Under these conditions, is there likely to be an advantage to using balanced cables? If so, can one make a significant improvement to the sound by spending more for medium-priced cables (under $500) instead of using something like the Mogami Gold?

I happen to have, already, a couple of 1-meter, XLR-terminated cables I got years ago from ProAudioLA, made from Mogami 2549. ( This is not a quad cable. At least some of the folks on gearslutz prefer this (the 2549) to the 2534 quad cable used in the Mogami Gold IC’s saying that it sounds more ’open’. (See, for example, this thread: These still cost only about $36 for a pair, but they sound thin and bright to me (if I can trust my aging ears). So far, it seems to me that my medium-quality single ended cables (Morrow MA4) sound better than these cheap balanced cables betweeen DAC and preamp. So I am really wondering if it is worth exploring higher-priced alternatives.
Also, is it safe to assume that an XLR-terminated version of a given cable will sound like it’s RCA-terminated brother? Most cable reviews don’t seem to pay much attention to which version of the cable they are working with. If the design goals for the two sorts of cable are quite different, this seems a bit strange.
In my opinion, balanced XLR connections are useless for Home Audio.
The reason for going balanced is to eliminate cable artifacts.

There is a standard to which one must adhere to gain that benefit. It is often called 'AES File 48'. The point of it is not just long cables! That is a side benefit of the cables not imposing an artifact. Anyone that has auditioned single-ended cables to get the 'right sound' knows what I'm talking about.

The thing is, the equipment used has to support the standard. It sounds like the amp used in the opening post does not- it has a single-ended input and so there may be no benefit at all to using a balanced cable, since the cable will actually be operating single-ended.
I found a pic online that appeared to show a jumper from RCA input to XLR, and given other warnings here and elsewhere, I’m sticking to RCA.

so, for a first-timer stepping up from cheapie interconnnects, what do you need to know from me to make recs that are financially easy to swallow given my doubts, but good enough to be worth the step up. I know that’s throwing chum in the water, but I really have no idea where to star, and by default would just use what I already have...
FYI, RCA-terminated unbalanced cables constructed with the same Mogami 2534 wire that is used in the Gold Studio balanced cables can be obtained here:

Also, keep in mind that most cable parameters and consequently most cable effects are proportional to length.  So the relatively short length you require is likely to make your choice of cables less critical than it would be in many other circumstances.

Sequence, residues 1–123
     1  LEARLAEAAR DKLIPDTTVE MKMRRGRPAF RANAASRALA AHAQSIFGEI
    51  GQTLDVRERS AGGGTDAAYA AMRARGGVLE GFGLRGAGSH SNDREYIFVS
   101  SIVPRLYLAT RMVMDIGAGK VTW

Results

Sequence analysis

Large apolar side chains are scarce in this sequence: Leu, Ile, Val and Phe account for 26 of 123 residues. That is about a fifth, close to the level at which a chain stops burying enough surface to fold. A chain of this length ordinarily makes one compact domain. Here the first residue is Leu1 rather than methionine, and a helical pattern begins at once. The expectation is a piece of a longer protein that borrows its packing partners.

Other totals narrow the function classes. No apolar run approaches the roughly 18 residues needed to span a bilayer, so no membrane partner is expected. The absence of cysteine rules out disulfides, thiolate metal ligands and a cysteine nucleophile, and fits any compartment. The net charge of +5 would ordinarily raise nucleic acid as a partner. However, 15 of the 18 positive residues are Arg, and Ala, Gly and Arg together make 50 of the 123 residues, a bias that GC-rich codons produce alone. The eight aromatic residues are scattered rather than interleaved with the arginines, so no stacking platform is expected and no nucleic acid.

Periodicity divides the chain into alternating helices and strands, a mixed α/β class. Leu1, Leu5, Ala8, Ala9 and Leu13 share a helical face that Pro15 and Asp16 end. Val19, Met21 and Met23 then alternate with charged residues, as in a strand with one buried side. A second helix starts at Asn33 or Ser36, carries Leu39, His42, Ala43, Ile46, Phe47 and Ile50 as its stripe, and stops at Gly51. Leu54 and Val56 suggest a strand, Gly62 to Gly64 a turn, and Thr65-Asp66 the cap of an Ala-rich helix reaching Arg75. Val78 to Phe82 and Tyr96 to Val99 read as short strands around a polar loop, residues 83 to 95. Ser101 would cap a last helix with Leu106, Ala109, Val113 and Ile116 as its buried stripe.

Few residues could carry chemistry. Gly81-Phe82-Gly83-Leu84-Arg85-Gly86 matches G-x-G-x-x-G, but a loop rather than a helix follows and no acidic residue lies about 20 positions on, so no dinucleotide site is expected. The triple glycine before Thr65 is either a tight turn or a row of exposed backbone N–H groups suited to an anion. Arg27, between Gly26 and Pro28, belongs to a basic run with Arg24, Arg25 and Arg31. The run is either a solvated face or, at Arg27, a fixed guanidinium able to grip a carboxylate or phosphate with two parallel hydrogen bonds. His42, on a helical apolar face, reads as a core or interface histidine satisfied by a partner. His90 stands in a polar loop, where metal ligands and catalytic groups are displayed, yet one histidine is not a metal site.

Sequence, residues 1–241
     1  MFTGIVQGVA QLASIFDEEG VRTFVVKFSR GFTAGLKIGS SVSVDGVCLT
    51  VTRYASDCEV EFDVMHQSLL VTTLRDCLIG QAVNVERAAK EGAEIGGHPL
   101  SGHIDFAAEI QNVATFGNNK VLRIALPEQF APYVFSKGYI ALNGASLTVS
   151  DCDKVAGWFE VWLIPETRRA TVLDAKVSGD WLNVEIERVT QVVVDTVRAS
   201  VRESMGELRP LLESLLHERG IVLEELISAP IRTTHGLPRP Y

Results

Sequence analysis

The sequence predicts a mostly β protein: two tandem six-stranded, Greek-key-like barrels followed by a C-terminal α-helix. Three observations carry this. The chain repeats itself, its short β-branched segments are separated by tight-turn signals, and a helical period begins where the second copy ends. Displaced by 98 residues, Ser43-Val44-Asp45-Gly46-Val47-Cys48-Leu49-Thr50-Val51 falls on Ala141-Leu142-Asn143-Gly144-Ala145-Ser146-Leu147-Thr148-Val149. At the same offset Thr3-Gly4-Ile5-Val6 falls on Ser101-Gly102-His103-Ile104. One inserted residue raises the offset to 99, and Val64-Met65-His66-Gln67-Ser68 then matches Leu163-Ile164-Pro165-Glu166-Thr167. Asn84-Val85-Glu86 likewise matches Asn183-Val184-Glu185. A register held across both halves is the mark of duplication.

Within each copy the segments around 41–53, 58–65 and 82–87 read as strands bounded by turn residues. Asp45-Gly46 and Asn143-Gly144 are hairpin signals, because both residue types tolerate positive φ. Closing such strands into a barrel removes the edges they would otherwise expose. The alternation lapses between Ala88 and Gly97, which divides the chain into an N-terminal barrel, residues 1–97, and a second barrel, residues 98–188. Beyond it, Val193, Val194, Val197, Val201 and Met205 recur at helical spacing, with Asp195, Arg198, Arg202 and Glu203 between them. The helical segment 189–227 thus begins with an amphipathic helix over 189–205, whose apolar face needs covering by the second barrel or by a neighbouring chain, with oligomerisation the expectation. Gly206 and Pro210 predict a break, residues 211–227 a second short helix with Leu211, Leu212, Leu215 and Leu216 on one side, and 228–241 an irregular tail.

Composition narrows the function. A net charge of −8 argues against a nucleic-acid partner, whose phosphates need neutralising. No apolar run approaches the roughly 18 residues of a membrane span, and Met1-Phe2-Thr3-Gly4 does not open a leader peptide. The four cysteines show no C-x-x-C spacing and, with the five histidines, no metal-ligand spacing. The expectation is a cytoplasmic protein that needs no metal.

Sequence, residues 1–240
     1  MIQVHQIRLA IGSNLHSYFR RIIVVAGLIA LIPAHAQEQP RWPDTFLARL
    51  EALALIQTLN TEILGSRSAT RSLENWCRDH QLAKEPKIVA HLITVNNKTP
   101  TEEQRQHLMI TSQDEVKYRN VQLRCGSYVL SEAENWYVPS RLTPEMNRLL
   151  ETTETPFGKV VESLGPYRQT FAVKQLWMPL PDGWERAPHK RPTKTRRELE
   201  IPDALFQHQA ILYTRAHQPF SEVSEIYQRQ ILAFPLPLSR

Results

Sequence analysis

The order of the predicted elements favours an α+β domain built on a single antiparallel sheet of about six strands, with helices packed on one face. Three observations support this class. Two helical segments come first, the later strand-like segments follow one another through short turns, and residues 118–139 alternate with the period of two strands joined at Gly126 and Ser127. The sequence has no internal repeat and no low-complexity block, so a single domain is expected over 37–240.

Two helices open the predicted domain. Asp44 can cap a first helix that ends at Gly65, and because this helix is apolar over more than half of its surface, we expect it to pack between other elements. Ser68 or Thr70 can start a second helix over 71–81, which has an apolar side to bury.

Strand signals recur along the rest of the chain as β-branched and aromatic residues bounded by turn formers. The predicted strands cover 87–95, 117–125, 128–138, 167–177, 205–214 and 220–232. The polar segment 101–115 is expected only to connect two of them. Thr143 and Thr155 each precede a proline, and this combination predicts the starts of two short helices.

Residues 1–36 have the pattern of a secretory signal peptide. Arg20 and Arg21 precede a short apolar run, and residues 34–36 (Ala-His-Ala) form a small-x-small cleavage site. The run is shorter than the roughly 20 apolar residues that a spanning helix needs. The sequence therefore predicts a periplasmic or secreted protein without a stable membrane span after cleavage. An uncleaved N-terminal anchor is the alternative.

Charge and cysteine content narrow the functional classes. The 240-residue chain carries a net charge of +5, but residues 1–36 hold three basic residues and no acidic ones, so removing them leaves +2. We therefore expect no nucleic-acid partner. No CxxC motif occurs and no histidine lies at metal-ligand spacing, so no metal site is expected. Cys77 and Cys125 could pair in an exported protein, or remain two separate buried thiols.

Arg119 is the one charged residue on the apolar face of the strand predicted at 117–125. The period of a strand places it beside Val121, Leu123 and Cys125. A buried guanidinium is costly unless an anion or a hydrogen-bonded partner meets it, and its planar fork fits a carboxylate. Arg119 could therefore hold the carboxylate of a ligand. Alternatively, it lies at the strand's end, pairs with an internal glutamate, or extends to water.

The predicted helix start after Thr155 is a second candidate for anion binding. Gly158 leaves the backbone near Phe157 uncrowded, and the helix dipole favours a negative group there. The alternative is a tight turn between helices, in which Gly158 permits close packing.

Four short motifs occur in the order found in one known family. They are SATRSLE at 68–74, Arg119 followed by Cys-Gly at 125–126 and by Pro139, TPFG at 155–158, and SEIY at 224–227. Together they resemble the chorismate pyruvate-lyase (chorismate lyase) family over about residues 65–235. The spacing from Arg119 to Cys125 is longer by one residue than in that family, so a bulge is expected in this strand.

Good luck.  Regards,
-- Al 
I think chum is an apt analogy. Good luck!
BTW: May I suggest The Cable Company lending library?
I had a thirty year professional carear in the television broadcasting and audio recording industries!
What, might I ask, are your technical credentials?

Impressive, what did you say your credentials are tweak1?
sisyphus, your background makes your lack of knowledge as to why one would use XLR over rca in a typical < 3m audio system (where all components in the signal path are tre balance/differentially balanced even more disturbing

maybe I have bat ears, but I can hear the difference in the same Eichmann XLR cable: 0.5m v 1.0m
Re. Pin 1: In studio facilities, XLR cables usually have the shield (gnd.) lifted at the receive end to prevent ground loops while still blocking EMI/RFI. This is very well known in professional audio circles. There is too much interconnected equipment in the studio to be dicking around with ground loop problems from one miswired cable or a non-standard I/O.
‘what cables of either configuration would people here recommend to someone who’s sceptical but willing to try something more than freebie cables’?
Specific recommendations are next worthless as it is highly improbable that any other listener has your system in your room, listens to the same music at the same levels and has your ears and predilections. Each of the aforementioned will change how one perceives cable sonics.

Any particular cable may make some or no difference depending on the aforementioned parameters and the system in which it is installed.

I am a Grammy nominated recording engineer, built electronics for the industry, installed studios and been an audiophile for more than 60 years.

I put this together to help educate about the fallacy of a magic bullet in cables.

It's really unfortunate that there is so much that is just plain wrong. For example, almost all electronics are unbalanced internally. To use balanced cables, invented by the telephone company to send signal over very long distances and cancel common mode noise at the receiving end, one must add an additional stage on the output to balance and another stage on the input to unbalance. NOTHING is inaudible. Two additional stages will add coloration and masking. Kind of pointless for a 1m run.